Robot-assisted laparoscopic pyeloplasty in infants and children: is it superior to conventional laparoscopy?

  • Ciro AndolfiEmail author
  • Brittany Adamic
  • Jerry Oommen
  • Mohan S. Gundeti
Topic Paper



Open pyeloplasty (OP) has been the first-line treatment for ureteropelvic junction obstruction (UPJO) since it was first described by Anderson and Hynes. The use of minimally invasive surgery (MIS) to treat UPJO in the pediatric population has increased in recent years, due to decreased morbidity and shorter recovery times. Recently, robot-assisted laparoscopic pyeloplasty (RALP) has seen a steady expansion. Unlike laparoscopic pyeloplasty (LP), RALP comes with a more manageable learning curve aided by specialized technological advantages such as high-resolution three-dimensional view, tremor filtration with motion scaling, and highly dexterous wrist-like instruments. With this review, we aim to highlight the trend toward robotic pyeloplasty over laparoscopy and current available evidence on outcomes.


We systematically searched the PubMed and EMBASE databases, and we critically reviewed the available literature on the use of laparoscopy and robotic technology in pediatric patients with UPJO.


Overall, we selected 19 original articles and 5 meta-analyses. The available literature showed that the robotic approach to the UPJO allowed for decreased operative times, shorter length of hospital stay, lower complication rates, with success rates comparable to LP. Conflicting results persist regarding robotic platform and equipment costs.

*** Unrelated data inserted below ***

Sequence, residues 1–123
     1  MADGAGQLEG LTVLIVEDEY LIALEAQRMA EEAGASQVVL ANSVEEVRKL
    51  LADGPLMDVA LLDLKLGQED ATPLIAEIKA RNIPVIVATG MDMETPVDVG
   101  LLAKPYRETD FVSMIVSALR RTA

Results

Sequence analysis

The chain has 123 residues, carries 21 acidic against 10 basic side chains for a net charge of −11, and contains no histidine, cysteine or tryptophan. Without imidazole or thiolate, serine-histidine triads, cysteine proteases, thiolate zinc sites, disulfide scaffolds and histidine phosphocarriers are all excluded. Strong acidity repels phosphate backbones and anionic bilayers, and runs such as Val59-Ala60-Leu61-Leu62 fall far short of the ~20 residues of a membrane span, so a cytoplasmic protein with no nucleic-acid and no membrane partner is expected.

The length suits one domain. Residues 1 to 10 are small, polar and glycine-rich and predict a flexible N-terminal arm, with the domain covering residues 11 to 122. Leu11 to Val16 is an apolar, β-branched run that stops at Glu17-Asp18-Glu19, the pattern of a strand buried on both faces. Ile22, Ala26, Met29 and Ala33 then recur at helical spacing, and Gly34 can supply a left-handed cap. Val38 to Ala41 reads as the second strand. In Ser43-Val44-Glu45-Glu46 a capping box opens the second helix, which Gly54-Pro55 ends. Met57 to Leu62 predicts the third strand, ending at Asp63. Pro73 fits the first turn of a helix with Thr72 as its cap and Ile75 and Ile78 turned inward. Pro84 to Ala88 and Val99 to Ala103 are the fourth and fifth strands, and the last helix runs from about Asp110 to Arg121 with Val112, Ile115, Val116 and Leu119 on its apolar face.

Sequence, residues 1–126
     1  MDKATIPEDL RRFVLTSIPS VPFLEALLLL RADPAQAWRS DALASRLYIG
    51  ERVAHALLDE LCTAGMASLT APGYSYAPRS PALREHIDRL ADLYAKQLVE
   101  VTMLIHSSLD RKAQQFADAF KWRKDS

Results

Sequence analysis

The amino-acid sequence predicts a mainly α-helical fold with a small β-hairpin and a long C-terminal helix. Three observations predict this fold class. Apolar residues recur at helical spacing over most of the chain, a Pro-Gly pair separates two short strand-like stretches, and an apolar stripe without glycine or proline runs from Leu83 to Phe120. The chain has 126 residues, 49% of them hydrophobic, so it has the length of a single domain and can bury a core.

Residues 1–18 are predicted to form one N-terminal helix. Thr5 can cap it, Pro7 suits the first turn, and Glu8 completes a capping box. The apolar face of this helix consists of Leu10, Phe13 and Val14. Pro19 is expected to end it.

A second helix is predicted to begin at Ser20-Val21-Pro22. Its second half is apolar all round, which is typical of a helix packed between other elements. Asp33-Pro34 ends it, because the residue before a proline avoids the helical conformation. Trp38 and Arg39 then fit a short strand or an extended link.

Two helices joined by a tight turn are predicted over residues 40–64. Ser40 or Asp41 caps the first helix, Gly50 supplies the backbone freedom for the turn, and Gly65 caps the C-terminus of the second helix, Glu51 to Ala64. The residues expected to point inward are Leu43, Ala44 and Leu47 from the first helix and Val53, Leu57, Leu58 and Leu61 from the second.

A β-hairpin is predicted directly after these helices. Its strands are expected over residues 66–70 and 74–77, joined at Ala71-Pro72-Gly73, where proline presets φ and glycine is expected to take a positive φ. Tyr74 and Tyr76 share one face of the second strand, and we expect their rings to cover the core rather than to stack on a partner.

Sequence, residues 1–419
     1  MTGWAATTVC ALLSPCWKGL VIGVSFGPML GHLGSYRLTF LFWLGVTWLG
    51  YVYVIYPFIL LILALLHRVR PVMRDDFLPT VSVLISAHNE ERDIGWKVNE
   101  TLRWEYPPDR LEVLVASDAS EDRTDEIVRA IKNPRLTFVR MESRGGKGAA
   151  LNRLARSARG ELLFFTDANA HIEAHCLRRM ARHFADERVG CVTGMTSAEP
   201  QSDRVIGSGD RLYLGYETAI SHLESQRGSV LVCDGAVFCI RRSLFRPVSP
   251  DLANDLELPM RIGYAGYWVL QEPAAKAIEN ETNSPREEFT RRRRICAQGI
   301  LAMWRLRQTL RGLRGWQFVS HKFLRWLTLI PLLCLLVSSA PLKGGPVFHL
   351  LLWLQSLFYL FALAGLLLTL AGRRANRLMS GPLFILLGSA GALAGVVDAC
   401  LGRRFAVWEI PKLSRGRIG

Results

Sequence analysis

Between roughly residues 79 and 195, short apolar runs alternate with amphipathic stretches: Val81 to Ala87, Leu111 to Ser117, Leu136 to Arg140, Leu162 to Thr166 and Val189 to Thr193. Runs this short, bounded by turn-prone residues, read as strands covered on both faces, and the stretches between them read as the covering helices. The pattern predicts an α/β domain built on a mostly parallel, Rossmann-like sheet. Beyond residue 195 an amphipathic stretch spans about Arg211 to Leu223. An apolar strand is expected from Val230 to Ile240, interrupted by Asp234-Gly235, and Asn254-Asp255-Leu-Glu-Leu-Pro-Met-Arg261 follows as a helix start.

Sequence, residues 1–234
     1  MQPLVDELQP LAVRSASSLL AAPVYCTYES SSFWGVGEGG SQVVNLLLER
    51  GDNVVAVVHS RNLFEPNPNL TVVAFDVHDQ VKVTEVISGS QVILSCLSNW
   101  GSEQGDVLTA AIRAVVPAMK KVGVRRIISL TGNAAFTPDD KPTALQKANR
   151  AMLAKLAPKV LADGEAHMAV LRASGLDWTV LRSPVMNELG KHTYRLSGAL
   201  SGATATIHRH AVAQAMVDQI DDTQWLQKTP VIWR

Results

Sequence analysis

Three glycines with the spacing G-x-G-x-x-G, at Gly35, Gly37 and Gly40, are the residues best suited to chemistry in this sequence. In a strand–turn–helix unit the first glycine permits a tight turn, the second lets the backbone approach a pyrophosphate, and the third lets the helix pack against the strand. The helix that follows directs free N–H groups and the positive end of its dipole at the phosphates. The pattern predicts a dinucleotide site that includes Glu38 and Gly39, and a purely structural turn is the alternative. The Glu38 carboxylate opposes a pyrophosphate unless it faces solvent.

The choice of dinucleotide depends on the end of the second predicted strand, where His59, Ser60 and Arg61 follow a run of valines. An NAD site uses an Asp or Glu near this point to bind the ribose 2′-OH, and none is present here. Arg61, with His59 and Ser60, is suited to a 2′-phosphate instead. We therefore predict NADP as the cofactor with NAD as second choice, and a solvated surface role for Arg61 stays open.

While laparoscopy requires advanced skills for complex reconstructive procedures, such as pyeloplasty, robot-assisted surgery offers the valuable potential of making MIS more accessible to these types of procedure. Robotic technology has contributed to shortening the learning curve by acting as a bridge between open and endoscopic approach. There is still a strong need for higher quality evidence in the form of prospective observational studies and clinical trials, as well as further cost-effectiveness analyses. As robotic surgical technology spreads, future systems will be developed, offering smaller and more flexible tools, allowing enhanced applications on pediatric patients.


Pediatric urology Ureteropelvic junction obstruction Robot-assisted laparoscopic pyeloplasty Robotic pyeloplasty Laparoscopic pyeloplasty 


Author contributions

CA: project development, management, manuscript writing/editing. BA: manuscript writing/editing. JO: manuscript writing/editing. MSG: project development, management, manuscript writing/editing. All authors agree to all aspects of the work.

Compliance with ethical standards

Conflict of interest

Dr. Mohan S. Gundeti is co-director for the NARUS course. The other authors have no conflicts of interest to declare.

Ethical approval

This article does not contain any studies with human participants or animals performed by any of the authors.

Informed consent

Does not apply.


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Copyright information

© Springer-Verlag GmbH Germany, part of Springer Nature 2019

Authors and Affiliations

  1. 1.Pediatric Urology, Section of Urology, Department of Surgery, Comer Children’s HospitalThe University of Chicago Pritzker School of MedicineChicagoUSA
  2. 2.Michigan State University College of Osteopathic MedicineEast LansingUSA
  3. 3.Section of Adult and Pediatric Urology, Department of Surgery, MacLean Center for Clinical Medical Ethics, Center for SimulationThe University of Chicago Medicine, Comer Children’s HospitalChicagoUSA

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